13th overall selection in the 2003 NHL Entry Draft. Two-time Stanley Cup Champion (2012 and 2014) and 8 years as Captain of the Los Angeles Kings. The list of Dustin Brown’s accomplishments at the NHL level is indeed very impressive and noteworthy; especially when considering his career totals:
As the above stats indicate, this a player who made a strong impact for the Kings early in his career and was a key figure in the team’s two championship seasons. However, Brown has seen a somewhat significant decline in production since the lockout shortened 2012-13 season. In the seasons since, Dustin Brown has never again cracked the 20 goal or 40 point marks and has also at times struggled to maintain a positive plus-minus rating. These factors have seemingly led him to fall somewhat out of favor with Kings team officials. Indeed, in the years following the Kings’ Stanley Cup victory in 2014, Brown has been criticized at times for subpar play, stripped of the team’s captaincy, and has been the subject of various trade and contract buyout rumors.
Interestingly, Dustin Brown is still a member of the Los Angeles Kings despite several front office and coaching changes made by the team during the 2017 off-season. However, two questions still remain of the former Kings captain: are his best years behind him and will he still be able contribute positively to the Kings lineup? The answer to both questions is yes…
Perhaps a bit of historical comparison is in order to understand the previous statement. From the late 1980’s to the late 2000’s, Trevor Linden was considered one of the NHL’s standout players. The Medicine Hat, AB native had served as the Vancouver Canucks captain during many of the team’s most competitive years and nearly willed the team to a victory over the New York Rangers in the 1994 Stanley Cup Finals. During the first half of his career, Linden was a constant 30+ goal scorer and considered one of the stronger two-way forwards in the NHL. His point totals would dip strongly in the 2nd half of his career, but he was still considered a great asset around the league due to the intangibles he brought to the ice on a nightly basis. Indeed, it was Linden’s compete level, leadership qualities, and reputation as a great teammate that kept his career moving and ultimately led him to be celebrated as a story of triumph and success upon his retirement in 2008.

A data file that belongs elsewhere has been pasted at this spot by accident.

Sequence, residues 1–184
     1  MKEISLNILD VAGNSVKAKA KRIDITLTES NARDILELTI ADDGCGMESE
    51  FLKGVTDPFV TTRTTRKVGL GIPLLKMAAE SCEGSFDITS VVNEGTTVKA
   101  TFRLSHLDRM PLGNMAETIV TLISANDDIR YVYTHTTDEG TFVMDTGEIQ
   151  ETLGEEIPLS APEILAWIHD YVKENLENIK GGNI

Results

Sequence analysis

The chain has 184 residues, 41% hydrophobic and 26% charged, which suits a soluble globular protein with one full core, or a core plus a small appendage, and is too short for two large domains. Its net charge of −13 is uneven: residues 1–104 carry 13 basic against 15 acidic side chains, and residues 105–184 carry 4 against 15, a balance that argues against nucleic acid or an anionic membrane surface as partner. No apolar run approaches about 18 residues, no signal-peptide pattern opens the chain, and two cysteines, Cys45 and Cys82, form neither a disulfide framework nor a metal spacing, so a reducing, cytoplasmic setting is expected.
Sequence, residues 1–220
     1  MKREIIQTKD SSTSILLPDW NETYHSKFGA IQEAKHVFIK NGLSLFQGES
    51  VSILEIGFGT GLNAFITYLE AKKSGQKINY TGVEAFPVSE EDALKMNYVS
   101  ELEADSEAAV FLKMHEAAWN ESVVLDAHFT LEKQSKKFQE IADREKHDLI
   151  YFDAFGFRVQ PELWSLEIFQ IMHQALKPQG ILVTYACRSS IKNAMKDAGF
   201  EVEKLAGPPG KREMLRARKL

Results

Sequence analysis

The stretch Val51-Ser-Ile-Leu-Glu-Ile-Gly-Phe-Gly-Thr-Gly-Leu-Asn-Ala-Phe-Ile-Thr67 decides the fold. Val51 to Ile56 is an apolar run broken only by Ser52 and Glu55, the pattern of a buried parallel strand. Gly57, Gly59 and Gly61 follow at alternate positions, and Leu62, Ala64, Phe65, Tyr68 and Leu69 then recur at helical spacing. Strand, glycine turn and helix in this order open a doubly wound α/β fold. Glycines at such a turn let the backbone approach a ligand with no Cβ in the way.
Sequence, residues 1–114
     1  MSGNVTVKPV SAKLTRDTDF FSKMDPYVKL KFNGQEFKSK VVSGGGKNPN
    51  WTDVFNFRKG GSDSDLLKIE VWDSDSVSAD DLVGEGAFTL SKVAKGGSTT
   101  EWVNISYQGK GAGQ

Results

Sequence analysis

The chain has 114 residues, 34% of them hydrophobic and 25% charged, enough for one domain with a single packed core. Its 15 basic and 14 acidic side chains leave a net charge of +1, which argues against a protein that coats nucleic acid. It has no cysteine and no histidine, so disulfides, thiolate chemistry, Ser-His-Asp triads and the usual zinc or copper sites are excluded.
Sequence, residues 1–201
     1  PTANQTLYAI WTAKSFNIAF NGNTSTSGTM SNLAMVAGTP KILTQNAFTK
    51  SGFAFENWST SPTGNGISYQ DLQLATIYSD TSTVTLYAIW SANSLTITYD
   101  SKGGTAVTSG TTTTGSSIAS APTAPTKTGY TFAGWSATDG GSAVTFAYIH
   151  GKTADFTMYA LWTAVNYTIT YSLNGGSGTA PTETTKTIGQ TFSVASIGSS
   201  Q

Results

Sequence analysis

Starting to sound familiar? The main difference here between Dustin Brown and Trevor Linden is that the latter unfortunately was never able to win a Stanley Cup. Brown, on the other hand, captained the Kings to two Stanley Cups before he was 30 years old. Thus, the two players’ career paths appear to be fairly similar as Brown is also considered to be a great leader and teammate by many players and observers throughout the league. The point here isn’t to say that Brown is better than Linden or that his later years will turn out exactly the same as Linden’s, but rather the idea is that a drop off from the 1st half of an NHL career isn’t necessarily the death sentence that some would make it out to be.
Why is it then that some observers have wrote off Brown as a player who cannot contribute positively to the Kings or any team he may play for in the future? Yes, it’s true that his near 6 million dollar yearly salary cap hit is definitely a bit high for the point totals he contributes. It’s also true that this is a player who is now firmly in the 2nd half of his career and one who is very unlikely to ever score at the previous pace he set.
However, it must be stated that while his best years are indeed behind him, this a player who most definitely still has value in his game. Dustin Brown has very rarely missed any significant amount of time due to injury even while consistently being among the NHL’s leaders in hits (ranked #27 in the league in 2016-17 with 190 hits). As also evidenced by his 36 points in the 2016-17 season, Brown still has the ability to score and produce an adequate amount of offense for any team he plays for now and in the future.
While it cannot be stated for certain that the rest of Dustin Brown’s career will be successful or highly regarded, it is a bit odd that some would write him off as “finished” or of lesser value at this point in his career. His career totals, good health, leadership abilities, and intangibles suggest that there is still a quality NHL player to be had and one who will still be able to contribute for a number of years. All things considered, Brown may even once again be a key ingredient to a future Stanley Cup Championship team.